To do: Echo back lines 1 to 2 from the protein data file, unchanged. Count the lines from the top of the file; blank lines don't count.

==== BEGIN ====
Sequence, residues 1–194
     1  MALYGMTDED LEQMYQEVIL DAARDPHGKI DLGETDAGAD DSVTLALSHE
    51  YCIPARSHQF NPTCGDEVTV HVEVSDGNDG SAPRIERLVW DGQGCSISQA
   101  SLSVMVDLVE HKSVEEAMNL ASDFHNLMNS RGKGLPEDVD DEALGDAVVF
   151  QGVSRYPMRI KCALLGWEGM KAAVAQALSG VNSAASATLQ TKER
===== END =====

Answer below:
Sequence, residues 1–194
     1  MALYGMTDED LEQMYQEVIL DAARDPHGKI DLGETDAGAD DSVTLALSHE